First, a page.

Saying no to a job and yes to backpacking solo was meant to be exactly what Isaac needed. And it was, only not for the reasons he thought. Here’s how a small glacial town in New Zealand taught Isaac some home truths.
Rejecting a job offer and deciding to backpack for two months solo around New Zealand is an act your stereotypical boomer might call “financially reckless” or “a classic example of what’s wrong with the current generation”. Looking at my bank account they may be right, but it was a decision I will never regret.
Nearing 21 years old, I’d been working part-time for almost seven years. In that time I completed high school, got a degree and done an internship. I was burnt out, miserable and convinced that if I didn’t get a job relating to my degree that I would be a failure.
After months of receiving emails containing versions of the phrase, “unfortunately you have been unsuccessful”, I finally managed to get an interview.
It went awfully.
I didn’t go bad because I threw up all over the floor or knocked over a cup of coffee that fried a laptop containing the presentation for ‘the big meeting’. It went bad because I realised that I hadn’t done anything I wanted to do before locking myself into a nine-to-five job. I wanted to travel. It seemed like the only way for me to truly live (at least that’s what the travel-bloggers on Instagram told me).
I had to be comfortable knowing that I’d challenged myself abroad before settling into a state of grown-up financial stability. Travelling to New Zealand was everything I needed. It would unquestionably transform me. Wouldn’t it?
No pressure. Just a life-changing trip.
Fast forward to half-way through my New Zealand-based coming-of-age indie film and I hadn’t necessarily hit all the plot points. I had fulfilled my Lord of the Rings bucket list, taken many photos, and had become quite competent as a solo traveller. I was still yet to meet my love-interest or the rag-tag group of travelling misfits that would hail me as their charismatic counterpart.
Again, no pressure. I’d been doing really well up until the mid-way point, yet somehow when I packed my bags for the next stop, I accidentally zipped up some social anxiety, money concerns, and irrational fears of being on a bus that fell off one of New Zealand’s many cliffs.
I would internally give myself a talking to: “Don’t get so stressed over stupid shit like this! Don’t you realise that…”
“Okay, here we are, Franz Josef,” the bus driver interjects.
“I’ll get the umbrella out as it looks like you’re being greeted with a bit of wet weather. ” After the mundane routine of setting yourself up in a new space for a few days I noticed what Franz Josef had hidden behind its dark skies: wallpaper-worthy mountain views, dense and lush forests and a tiny yet adventurous town laying at the foot of it all.
The backdrop to Franz Josef, the rocky foreground once inhabited by the glacier over 100 years ago | Source: Isaac Freeman
Due to my lack of research, I was fully unaware of the three major factors that affect this particular pocket of the South Island and its population of around 440 people:
1. Franz Josef lies on top of the alpine fault, where the two tectonic plates of Australia and the Pacific meet. With the last severe earthquake (magnitude eight) occurring in 1717, scientists estimate that another of equal measures is well overdue.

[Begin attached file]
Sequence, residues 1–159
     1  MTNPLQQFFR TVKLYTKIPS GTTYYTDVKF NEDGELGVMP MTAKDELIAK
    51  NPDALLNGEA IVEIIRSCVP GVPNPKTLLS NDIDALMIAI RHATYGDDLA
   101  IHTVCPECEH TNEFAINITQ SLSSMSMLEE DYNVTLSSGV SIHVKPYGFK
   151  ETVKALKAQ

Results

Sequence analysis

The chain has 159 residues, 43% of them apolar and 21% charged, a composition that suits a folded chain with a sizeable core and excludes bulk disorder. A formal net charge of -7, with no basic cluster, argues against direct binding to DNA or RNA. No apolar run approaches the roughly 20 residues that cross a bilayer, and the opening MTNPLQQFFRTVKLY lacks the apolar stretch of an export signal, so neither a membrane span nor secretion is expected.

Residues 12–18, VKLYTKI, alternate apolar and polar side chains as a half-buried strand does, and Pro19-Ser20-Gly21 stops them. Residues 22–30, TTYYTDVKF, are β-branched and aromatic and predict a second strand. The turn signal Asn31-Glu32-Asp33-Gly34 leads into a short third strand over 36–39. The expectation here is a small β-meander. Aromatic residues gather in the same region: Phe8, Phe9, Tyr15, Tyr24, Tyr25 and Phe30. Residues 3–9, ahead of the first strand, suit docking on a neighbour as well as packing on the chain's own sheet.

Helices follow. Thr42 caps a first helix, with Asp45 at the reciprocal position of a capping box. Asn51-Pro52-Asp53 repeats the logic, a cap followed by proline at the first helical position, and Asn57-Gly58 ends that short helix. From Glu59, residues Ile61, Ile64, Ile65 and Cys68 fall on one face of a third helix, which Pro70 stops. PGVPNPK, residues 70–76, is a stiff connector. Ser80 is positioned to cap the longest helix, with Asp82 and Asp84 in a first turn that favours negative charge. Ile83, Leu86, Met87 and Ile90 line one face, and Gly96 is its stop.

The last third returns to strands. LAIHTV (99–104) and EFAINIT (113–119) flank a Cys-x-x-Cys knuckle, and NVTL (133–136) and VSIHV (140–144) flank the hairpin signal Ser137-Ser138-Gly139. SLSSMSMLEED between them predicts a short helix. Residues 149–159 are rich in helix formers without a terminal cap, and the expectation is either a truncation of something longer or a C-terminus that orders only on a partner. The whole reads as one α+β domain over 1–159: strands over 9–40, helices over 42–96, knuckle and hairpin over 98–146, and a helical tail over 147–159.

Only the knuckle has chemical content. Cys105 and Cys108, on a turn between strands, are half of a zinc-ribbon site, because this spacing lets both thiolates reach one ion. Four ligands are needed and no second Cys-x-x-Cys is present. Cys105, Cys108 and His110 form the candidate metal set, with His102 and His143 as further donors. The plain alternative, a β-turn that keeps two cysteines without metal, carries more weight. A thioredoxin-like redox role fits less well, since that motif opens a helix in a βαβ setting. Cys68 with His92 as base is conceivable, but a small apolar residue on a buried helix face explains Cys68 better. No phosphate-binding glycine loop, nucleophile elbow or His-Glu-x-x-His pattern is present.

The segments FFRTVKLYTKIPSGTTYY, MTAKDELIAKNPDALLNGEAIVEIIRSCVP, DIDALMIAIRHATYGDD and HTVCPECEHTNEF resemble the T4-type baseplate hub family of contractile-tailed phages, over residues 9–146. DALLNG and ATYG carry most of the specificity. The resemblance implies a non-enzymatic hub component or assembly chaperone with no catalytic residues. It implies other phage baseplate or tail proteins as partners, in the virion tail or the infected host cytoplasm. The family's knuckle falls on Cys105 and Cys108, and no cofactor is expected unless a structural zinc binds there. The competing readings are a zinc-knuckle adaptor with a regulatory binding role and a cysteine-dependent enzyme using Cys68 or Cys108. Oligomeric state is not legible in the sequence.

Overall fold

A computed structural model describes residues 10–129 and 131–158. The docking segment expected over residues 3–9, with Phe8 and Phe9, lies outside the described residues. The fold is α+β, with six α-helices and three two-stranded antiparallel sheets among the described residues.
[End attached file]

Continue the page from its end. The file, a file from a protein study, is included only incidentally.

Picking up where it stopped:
2. The area is prone to severe flooding. Last year alone saw two instances that destroyed the Waiho bridge and cut off resources from the town, stranding many tourists.
3. The biggest attraction, The Franz Josef Glacier, is in a state of retreat and is doing so at a faster rate each year. It’s once vast and awe-inspiring presence has begun to dwindle, which could spell economic disaster for the town in the next 50 years or so.
You’d expect that a town in these circumstances would constantly be on edge, or full of anxiety and fear. But they weren’t. Not even slightly.
To them, problems would come and go. They could work together and deal with whatever was at hand. They embraced the now and what surrounded them and had immense joy in showing it to those passing through. It was strange. How could a place so unpredictable and untamed have such a calming presence?
“A cool giant spectacle, oh and the Franz Josef Glacier” | Source: Isaac Freeman
Here I was tasked with putting things into perspective
You can either let anxiety or fear control you, or you can acknowledge it and try to find a way to deal with it. Franz Josef let me figure this out.
One afternoon on a quad-bike tour I happened to rear-end well… another quad-bike. No big deal, no damage, nothing. Yet the guide’s warning, “any serious damage will result in a $1000 payment” rang loudly in my ears.
That was all it took. I went from skidding in the mud at the front of the pack to chugging along quietly at the back. All because I let some anxiety convince me that a quad-bike had the fragility of a Pringle.
The next day I went on a group hike. After falling prey to some slightly anti-social tendencies, I gave myself the impression I would be unable to communicate ever again. I acknowledged this absurd feeling and began to break it down. I put it in my head that these people are here for their own interests, and wouldn’t really care if I was a little bit awkward, it’s a shared experience after all. It was that simple. No longer did I think such an interaction would cause me to be the subject of a vlog titled “STRANGE CREATURE TRIES TO COMMUNICATE WITH US??” I acknowledged and controlled it.
Travel isn’t always a cure to one’s problems. That idyllic location or experience may not always live up to the hype. But you might stumble across a place that teaches you a bit more about yourself. A place that allows you to focus on the details rather than the bigger picture. A place like Franz Josef.